Low-Fat Dairy Can Increase Our Longevity

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If you want to add protein to your diet and build strong teeth and bones drinking cow’s milk is a great way. It has also been linked with a reduced risk of heart disease and stroke and lower rates of obesity. However, experts are divided and their opinions regarding milk differ a lot. Now, according to the latest research — drinking low-fat milk is associated with a longer life span.

Milk consumption was associated with telomere length, a sign of biological aging according to a new study made by Larry Tucker, PhD, a professor of exercise sciences at Brigham Young University who tracked 5,834 adults.

Those who drank low-fat milk had longer telomeres (and less biological aging) than those who drank high-fat milk, including 2% and whole milk shows the research, published in the journal Oxidative Medicine and Cellular Longevity.

Differences between low-fat and high-fat milk

A significant difference in the amount of saturated fat between low-fat and high-fat milk could be the reason for the decrease in biological aging says Tucker. “High-fat dairy is higher in fat than people realize,” he says. “Unlike other foods that calculate fat based on percentage of calories, milk fat is calculated by the percent of milk’s weight.”

Did you know that diets that are high in fat — especially saturated fat — are associated with increased risk of cardiovascular disease, chronic inflammation, negative changes to gut bacteria, lower breast cancer survival rates and even neurological changes in the brain? The recommendation of U.S. Dietary Guidelines is to choose fat-free or low-fat dairy products, including milk, yogurt and cheese.

Is whole milk still healthy?

Co-author Marcia de Oliveira Otto, PhD, assistant professor at UTHealth School of Public Health explains: Recommendations to lower saturated-fat consumption have been primarily based on studies showing that higher intakes of saturated fat present in whole-fat dairy products raise LDL or ‘bad’ cholesterol levels, which could raise risk of heart disease,”.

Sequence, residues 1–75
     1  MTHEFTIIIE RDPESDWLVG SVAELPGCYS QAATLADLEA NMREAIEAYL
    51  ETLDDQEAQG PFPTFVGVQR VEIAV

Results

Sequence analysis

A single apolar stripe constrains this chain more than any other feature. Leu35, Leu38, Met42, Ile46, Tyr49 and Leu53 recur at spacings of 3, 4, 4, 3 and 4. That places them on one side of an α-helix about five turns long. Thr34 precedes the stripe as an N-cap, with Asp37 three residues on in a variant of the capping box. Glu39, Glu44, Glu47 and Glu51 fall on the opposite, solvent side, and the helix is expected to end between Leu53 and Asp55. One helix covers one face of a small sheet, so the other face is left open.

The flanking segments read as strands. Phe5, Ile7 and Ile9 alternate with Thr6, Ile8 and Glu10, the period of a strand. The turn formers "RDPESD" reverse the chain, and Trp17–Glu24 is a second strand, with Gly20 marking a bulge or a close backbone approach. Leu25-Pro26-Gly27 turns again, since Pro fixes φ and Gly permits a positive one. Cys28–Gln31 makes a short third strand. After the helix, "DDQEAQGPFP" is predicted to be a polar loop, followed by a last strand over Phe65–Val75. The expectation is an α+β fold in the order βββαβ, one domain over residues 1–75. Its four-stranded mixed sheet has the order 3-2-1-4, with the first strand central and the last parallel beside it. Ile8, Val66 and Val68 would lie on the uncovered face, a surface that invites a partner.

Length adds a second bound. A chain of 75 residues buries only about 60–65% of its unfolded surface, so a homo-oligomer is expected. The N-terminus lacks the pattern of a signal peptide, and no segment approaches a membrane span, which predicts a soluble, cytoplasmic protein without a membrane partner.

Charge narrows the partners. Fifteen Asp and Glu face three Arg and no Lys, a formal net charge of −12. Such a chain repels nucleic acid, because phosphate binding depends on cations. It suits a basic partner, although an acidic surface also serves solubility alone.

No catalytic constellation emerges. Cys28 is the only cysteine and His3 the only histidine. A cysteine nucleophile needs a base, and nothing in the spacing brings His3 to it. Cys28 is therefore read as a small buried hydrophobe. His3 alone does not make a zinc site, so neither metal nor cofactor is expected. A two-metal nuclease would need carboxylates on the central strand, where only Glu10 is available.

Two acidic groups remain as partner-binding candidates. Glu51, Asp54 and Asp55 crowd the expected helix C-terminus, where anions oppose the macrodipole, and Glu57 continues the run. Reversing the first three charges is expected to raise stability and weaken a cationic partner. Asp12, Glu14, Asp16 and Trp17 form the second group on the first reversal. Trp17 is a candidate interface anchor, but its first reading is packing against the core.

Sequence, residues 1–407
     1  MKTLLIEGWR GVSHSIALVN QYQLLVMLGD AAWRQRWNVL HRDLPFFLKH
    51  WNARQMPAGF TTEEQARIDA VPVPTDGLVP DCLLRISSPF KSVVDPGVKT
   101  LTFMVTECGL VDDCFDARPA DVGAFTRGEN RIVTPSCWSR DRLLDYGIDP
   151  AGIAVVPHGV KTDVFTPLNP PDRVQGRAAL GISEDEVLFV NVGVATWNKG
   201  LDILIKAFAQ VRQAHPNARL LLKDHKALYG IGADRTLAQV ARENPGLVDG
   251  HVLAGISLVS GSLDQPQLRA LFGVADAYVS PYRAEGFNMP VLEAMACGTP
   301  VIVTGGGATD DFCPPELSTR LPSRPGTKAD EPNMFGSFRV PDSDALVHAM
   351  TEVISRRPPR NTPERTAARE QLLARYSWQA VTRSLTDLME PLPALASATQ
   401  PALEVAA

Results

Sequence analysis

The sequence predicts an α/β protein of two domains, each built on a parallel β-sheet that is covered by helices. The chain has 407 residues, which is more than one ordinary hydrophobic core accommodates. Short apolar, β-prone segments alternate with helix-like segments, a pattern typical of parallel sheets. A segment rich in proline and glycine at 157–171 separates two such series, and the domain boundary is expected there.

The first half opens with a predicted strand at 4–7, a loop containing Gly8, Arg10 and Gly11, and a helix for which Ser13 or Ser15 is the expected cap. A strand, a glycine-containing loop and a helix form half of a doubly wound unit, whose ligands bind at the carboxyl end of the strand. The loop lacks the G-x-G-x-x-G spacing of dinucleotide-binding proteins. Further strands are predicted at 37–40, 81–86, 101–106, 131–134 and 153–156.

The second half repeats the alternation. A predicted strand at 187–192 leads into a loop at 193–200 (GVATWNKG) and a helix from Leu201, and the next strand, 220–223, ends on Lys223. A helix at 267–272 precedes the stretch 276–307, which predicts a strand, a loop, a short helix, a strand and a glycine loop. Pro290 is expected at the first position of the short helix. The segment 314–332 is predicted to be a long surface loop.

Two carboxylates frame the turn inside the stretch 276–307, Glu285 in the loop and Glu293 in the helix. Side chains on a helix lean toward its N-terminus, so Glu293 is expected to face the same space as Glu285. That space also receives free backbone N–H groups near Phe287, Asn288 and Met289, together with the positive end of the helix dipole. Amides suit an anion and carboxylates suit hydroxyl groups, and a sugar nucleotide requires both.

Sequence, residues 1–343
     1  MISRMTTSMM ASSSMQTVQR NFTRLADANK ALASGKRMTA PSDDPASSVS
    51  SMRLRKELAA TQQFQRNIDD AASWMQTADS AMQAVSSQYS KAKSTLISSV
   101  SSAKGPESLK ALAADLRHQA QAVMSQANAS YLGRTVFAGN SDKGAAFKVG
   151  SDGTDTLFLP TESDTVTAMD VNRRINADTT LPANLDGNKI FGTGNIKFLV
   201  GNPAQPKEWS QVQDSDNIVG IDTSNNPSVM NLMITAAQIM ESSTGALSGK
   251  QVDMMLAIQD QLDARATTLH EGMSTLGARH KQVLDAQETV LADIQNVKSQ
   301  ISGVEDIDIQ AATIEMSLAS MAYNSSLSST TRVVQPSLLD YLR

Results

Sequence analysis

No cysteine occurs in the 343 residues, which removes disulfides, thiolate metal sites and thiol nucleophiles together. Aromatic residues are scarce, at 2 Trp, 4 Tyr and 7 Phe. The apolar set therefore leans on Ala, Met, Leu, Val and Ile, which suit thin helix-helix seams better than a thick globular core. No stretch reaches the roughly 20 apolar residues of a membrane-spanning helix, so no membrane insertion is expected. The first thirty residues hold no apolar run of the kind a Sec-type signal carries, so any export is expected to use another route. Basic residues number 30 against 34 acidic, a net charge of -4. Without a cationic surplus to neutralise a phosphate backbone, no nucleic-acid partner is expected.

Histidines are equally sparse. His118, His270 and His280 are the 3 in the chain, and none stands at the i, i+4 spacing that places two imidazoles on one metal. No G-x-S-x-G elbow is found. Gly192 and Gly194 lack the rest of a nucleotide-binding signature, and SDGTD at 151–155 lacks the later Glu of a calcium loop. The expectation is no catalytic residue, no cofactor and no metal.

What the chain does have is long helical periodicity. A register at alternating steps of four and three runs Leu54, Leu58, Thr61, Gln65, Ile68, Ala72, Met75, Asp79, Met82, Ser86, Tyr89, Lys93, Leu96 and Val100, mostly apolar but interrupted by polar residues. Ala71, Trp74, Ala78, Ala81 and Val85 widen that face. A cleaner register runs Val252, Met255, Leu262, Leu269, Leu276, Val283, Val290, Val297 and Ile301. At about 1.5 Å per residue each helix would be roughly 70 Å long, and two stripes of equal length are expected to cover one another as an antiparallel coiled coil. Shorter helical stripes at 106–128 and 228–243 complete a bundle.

Adults with higher levels of heptadecanoic fatty acid in their blood were 42% less likely to die from stroke as revealed by another study.

According to research published in The Lancet, higher intake of whole milk and full-fat yogurt was associated with a lower risk of cardiovascular events and total mortality.

In Conclusion

De Oliveira Otto affirms: “An important take-home message from our study is making judgments about whether foods are healthy solely based on fat content leads to confusion and misinformation,”. “Since dairy foods are important sources of essential nutrients, reducing dairy consumption may not necessarily lead to better health.”

It might be a good idea to opt for skim and low-fat dairy if you have heart disease or are at risk for it. Otherwise, healthy adults can continue to include full-fat dairy as part of a well-balanced diet.

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